The South African Reserve Bank’s (SARB) Monetary Policy Committee (MPC) voted to increase interest rates by 50 basis points at its meeting today, which brings the repo rate to 8.25%.
This increase marks the 10th consecutive interest rate increase in the current hiking cycle, which started in November 2021. With today’s increase, the SARB has implemented a cumulative 475 basis points of hikes.
“Headline inflation is forecast to remain above the upper end of the inflation target range until the third quarter of this year, and will only sustainably revert to the mid-point of the target range by the second quarter of 2025,” said SARB Governor Lesetja Kganyago, as reasoning for the 50 basis point hike.
Kganyago also mentioned the impact of load-shedding on the MPC’s decision.
“Load-shedding may additionally have broader price effects on the cost of doing business and the cost of living, in particular as diesel consumption increases.”
This latest interest rate increase brings the country’s prime lending rate to 11.75% – the highest it has been since 2009.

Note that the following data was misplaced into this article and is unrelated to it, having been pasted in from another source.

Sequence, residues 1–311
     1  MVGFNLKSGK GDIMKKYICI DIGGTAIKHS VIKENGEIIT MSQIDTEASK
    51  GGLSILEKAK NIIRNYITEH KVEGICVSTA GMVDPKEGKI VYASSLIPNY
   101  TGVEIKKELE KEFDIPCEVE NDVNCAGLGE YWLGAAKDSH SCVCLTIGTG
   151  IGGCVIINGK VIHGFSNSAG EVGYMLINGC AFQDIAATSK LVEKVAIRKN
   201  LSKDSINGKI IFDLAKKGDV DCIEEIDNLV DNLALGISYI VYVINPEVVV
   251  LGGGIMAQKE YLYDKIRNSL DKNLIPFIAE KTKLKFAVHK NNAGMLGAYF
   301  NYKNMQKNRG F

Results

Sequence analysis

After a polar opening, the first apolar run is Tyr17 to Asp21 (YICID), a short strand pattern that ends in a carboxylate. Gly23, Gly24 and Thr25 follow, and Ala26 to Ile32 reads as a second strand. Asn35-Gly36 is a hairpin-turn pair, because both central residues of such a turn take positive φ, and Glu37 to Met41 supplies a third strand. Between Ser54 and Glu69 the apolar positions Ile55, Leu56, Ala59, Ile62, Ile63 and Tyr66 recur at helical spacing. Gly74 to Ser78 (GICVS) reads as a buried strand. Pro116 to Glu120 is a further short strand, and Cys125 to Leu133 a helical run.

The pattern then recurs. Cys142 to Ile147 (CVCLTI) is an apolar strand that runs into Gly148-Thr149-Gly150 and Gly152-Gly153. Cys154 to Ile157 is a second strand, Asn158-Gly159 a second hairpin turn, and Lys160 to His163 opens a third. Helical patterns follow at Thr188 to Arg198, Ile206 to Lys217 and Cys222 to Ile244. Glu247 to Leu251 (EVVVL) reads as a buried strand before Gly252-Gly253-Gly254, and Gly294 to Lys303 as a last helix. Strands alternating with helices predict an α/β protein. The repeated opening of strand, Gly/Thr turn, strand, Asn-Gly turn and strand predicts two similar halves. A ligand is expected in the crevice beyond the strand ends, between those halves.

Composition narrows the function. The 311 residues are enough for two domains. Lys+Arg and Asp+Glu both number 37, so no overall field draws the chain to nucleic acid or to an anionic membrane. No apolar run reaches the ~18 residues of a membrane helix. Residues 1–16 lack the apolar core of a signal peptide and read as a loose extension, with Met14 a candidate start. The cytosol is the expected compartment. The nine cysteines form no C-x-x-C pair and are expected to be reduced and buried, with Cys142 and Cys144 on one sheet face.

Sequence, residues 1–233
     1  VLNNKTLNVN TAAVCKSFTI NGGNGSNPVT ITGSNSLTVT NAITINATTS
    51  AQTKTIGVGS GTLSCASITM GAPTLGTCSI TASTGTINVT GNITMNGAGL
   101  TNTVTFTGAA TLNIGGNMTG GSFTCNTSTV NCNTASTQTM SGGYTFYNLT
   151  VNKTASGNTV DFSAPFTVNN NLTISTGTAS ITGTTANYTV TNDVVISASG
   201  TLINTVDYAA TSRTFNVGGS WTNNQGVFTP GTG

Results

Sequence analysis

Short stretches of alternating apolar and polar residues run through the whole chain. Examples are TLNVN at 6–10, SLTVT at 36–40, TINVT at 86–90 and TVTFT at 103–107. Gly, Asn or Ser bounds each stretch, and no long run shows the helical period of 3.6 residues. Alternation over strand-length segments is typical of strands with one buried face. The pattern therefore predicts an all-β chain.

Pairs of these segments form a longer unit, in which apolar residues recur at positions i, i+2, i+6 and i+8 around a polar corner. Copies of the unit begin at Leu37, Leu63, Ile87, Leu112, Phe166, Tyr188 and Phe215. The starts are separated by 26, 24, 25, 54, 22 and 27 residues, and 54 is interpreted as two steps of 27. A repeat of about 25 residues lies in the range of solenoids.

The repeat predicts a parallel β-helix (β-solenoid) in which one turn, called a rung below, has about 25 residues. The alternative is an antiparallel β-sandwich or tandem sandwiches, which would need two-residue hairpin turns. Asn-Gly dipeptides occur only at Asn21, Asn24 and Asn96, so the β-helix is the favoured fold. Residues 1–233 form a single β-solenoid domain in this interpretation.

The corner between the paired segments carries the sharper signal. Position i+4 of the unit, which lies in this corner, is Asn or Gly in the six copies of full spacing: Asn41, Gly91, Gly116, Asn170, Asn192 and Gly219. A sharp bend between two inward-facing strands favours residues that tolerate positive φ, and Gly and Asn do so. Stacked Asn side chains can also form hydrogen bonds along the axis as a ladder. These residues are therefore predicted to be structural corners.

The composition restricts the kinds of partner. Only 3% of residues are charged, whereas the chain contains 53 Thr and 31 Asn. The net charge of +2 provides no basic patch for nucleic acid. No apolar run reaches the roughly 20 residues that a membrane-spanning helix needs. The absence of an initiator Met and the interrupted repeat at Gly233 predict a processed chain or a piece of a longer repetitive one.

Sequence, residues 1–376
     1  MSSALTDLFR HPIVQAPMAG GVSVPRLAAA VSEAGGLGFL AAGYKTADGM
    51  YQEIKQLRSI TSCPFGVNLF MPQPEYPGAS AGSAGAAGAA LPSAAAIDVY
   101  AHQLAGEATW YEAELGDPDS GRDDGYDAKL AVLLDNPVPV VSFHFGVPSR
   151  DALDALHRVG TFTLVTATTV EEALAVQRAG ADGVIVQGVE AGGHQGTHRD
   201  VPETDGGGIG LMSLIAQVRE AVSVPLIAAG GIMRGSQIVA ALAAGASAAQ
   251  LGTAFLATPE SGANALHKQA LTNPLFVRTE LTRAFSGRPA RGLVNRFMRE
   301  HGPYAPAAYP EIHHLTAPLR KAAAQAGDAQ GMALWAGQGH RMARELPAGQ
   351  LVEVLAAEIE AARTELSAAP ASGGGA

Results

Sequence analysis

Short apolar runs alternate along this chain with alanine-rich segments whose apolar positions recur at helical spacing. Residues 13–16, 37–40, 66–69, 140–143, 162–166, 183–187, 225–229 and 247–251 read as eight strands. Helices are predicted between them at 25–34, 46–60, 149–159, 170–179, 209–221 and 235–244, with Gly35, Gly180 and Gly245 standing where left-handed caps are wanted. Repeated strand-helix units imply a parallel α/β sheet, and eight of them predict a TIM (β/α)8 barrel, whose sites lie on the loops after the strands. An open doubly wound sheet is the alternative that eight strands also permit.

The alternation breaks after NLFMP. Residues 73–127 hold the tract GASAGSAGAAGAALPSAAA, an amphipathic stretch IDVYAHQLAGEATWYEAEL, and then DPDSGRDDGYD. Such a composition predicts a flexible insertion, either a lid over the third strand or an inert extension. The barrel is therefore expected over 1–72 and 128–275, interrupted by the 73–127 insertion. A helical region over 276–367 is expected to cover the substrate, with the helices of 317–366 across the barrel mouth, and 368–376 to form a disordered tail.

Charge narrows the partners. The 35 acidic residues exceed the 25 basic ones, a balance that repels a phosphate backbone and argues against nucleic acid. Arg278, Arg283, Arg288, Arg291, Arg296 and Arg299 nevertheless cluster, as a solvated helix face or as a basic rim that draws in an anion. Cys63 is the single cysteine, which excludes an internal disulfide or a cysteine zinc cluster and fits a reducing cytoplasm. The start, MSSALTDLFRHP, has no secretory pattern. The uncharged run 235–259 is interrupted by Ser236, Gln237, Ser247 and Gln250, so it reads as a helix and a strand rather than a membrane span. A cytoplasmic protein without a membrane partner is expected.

The Reserve Bank has been attempting to bring inflation down and within its target range since the hiking cycle started but has been largely unsuccessful.
However, there is some hope on the horizon as this increase comes in light of April’s inflation data, which was released yesterday. Annual consumer price inflation was 6.8% in April 2023, down from 7.1% in March 2023.
While not within the SARB’s target range, April inflation is the lowest the country has seen since May 2022 and the first time the rate has decreased month-on-month since January 2023.
However, food and core inflation remains high and sticky, which was likely a significant contributing factor to the SARB’s decision today.
The increase is in line with most market expectations. Many experts predicted a 25 to 50 basis point hike for this meeting and were unanimous that a hike will be implemented.
Along with inflation, the strength of the rand was an important factor to consider at this month’s meeting, as the currency recently saw a significant drop.
The rand has been trading above R19 to the dollar since the US ambassador accused South Africa of supplying arms to Russia to aid in its war with Ukraine.
According to Kganyago, “Given upside inflation risks, larger domestic and external financing needs, and load-shedding, further currency weakness appears likely.”
Experts are mixed on whether this will be the last interest rate hike in the cycle or whether there is more pain in store.